Deciding on the number of classes in latent class analysis and growth mixture modeling: A Monte Carlo simulation study. Structural Equation Modeling 14
, 2007
"... Mixture modeling is a widely applied data analysis technique used to identify unobserved heterogeneity in a population. Despite mixture models ’ usefulness in practice, one unresolved issue in the application of mixture models is that there is not one commonly accepted statistical indicator for deci ..."
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Cited by 44 (7 self)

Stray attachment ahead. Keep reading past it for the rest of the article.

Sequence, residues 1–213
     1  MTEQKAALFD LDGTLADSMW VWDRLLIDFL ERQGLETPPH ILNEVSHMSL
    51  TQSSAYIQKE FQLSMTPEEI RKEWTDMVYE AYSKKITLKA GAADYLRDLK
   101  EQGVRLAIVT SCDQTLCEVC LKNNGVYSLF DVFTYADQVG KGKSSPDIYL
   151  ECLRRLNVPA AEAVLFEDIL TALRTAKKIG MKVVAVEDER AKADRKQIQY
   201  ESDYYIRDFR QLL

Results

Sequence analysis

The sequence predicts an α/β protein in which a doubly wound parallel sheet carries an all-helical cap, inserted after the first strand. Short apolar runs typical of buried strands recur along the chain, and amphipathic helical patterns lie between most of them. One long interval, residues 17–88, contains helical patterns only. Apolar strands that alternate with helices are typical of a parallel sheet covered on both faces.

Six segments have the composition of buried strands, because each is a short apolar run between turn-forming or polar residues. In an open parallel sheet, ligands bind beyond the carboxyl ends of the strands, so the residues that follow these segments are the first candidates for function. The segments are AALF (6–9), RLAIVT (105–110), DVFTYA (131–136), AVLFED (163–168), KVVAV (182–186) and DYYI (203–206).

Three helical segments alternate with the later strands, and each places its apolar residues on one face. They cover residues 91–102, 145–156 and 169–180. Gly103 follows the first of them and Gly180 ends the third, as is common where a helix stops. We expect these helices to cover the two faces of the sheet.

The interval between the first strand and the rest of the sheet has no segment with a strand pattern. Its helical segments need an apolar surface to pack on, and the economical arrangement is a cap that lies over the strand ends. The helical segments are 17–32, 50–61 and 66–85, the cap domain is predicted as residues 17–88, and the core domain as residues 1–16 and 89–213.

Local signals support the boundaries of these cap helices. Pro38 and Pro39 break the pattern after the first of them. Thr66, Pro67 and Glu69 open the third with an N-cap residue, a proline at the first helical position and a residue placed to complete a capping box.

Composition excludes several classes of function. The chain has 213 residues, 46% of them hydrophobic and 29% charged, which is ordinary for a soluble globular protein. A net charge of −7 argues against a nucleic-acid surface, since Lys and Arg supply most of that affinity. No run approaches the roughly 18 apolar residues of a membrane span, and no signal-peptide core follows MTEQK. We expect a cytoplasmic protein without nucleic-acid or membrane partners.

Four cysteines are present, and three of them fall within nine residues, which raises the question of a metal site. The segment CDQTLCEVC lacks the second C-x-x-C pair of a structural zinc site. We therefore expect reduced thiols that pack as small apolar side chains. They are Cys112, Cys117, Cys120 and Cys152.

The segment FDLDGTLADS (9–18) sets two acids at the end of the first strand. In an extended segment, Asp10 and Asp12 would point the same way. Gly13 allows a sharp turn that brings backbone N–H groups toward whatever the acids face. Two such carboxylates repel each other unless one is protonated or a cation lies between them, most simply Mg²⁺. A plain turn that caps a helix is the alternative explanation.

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Mixture modeling is a widely applied data analysis technique used to identify unobserved heterogeneity in a population. Despite mixture models ’ usefulness in practice, one unresolved issue in the application of mixture models is that there is not one commonly accepted statistical indicator for deciding on the number of classes in a study population. This article presents the results of a simulation study that examines the performance of likelihoodbased tests and the traditionally used Information Criterion (ICs) used for determining the number of classes in mixture modeling. We look at the performance of these tests and indexes for 3 types of mixture models: latent class analysis (LCA), a factor mixture model (FMA), and a growth mixture models (GMM). We evaluate the ability of the tests and indexes to correctly identify the number of classes at three different sample sizes (n D 200, 500, 1,000). Whereas the Bayesian Information Criterion performed the best of the ICs, the bootstrap likelihood ratio test proved to be a very consistent indicator of classes across all of the models considered.